Why is Sindh being Sinned Against?By Ayesha Siddiqa, The Express Tribune

While we all got used to missing persons and tortured bodies in Balochistan, it’s odd to find Sindh becoming part of the same tragic cycle.

Death and dead bodies are not new to Sindh. Every decade since the 1980s, the province has bled for one reason or the other. But this current spate of killings seems to be a new pattern. It is almost as if Sindhi nationalism is being woken up. Interestingly, the six dead bodies found recently did not belong to violent nationalists. In fact, five out of the six were men who had moved on in life. Notwithstanding old associations with the JSMM, these people were not actively involved in any ‘anti-state’ activity or even in party politics.

In any case, one thought that from the state’s perspective, Sindh was not Balochistan. The province had been through this phase during the 1980s when people challenged the military regime and were killed for it. Like Balochistan, Sindh was politically vibrant. The Sindhi media and intelligentsia was politically active and educated people about issues in its own language. Fast-forward to the 2000s, things were manipulated and changed. Despite the media still being active, it has begun to behave and sound more like the media in the rest of the country. What the state couldn’t purchase or silence was bought over by influential dons.

One also thought that the state was using two other tools to repair relations with Sindh. First, approximately 80,000 men were inducted into the army during the Musharraf period that naturally increased effectiveness of old and new cantonments and cadet colleges in different places in the province. In fact, one came across Sindhi expatriates and intellectuals, who would argue in favour of their people joining the civil and military bureaucracy. Many scions of influential families joined the security establishment in different positions to enhance their power and influence. Second, the province was gradually but systematically infested with militant organisations, madrassas and other infrastructure. In any case, the JUI-F and the JUI-S were expanding their influence, which was obvious from the votes that the late Khalid Soomro got in Larkana contesting the 1990 elections against Benazir Bhutto. Given the absence of a forceful narrative to counter the gradually melting feudalism (that turned into neo-feudalism), the new middle class in Sindh was getting attracted to religious discourse. Certain religious organisations got lots of opportunities to bring back traditional support for them in Sindh back to life in a newer form.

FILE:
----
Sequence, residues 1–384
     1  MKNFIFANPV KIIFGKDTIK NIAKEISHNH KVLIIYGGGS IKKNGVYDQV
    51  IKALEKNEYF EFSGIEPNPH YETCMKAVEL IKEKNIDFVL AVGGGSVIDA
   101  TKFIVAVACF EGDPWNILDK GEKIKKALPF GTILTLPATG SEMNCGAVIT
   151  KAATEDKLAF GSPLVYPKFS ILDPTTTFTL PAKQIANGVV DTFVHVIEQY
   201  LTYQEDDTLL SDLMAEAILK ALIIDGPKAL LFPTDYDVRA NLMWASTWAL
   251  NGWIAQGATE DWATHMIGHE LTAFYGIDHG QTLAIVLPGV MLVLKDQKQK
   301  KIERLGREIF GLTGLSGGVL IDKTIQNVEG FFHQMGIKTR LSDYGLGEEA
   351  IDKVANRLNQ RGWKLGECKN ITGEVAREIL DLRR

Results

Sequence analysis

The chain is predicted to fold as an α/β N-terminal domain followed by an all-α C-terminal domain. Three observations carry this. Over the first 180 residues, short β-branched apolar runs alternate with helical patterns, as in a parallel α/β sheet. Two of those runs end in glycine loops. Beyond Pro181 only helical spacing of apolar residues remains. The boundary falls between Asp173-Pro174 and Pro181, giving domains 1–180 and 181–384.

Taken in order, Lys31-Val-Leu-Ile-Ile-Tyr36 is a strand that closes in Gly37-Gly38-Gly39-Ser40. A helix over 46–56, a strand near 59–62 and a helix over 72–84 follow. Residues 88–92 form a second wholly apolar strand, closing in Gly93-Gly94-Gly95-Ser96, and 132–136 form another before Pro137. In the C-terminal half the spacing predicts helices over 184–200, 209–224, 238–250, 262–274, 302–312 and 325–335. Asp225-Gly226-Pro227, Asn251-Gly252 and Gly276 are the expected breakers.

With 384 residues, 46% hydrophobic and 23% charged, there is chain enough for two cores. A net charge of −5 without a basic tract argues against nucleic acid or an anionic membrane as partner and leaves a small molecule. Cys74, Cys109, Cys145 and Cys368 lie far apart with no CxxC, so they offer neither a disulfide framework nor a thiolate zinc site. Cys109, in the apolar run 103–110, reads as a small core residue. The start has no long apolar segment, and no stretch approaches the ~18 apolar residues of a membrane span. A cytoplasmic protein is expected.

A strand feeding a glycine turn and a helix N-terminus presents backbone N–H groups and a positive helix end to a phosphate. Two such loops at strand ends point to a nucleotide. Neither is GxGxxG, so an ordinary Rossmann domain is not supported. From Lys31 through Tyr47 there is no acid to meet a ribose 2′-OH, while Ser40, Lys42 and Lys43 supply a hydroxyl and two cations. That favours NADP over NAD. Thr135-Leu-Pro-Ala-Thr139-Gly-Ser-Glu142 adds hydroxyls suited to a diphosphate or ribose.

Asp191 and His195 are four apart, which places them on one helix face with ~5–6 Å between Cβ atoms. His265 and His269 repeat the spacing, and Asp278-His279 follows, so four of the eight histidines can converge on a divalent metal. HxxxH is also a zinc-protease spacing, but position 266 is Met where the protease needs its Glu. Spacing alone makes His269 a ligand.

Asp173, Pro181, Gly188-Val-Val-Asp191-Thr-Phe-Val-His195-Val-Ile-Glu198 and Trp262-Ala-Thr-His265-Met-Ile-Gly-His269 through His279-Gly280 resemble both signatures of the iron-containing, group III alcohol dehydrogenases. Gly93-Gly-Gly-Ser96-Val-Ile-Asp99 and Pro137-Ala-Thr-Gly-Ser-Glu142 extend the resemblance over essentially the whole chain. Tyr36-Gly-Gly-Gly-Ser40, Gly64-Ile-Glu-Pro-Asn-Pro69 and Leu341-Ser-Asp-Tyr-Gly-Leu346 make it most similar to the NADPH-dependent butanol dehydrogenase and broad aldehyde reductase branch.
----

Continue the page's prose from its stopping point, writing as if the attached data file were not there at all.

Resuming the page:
So, one really wonders why it was felt that there was a need to light a fire in Sindh. Such killings can only provoke anger and resentment, especially amongst the youth who are abandoned both by the state and the political governments. The stories of poor governance, corruption and neglect of the people are far too gory for anyone to claim that the PPP and its leadership are not to blame. As a political party, the PPP is both a perpetrator and victim of the wave of violence. It is responsible for not crying out loud against what is happening in the province it claims to control. The collusion between its key leaders and the security apparatus denoted by joint exploitation of resources makes its behaviour questionable. Yet, it is a party that will find itself in a deeper mess if the violence doesn’t stop. It would be even more tragic if it has to become party to the greater intrusion of the security apparatus that will step in under the pretext of securing the place against ‘violent nationalism’.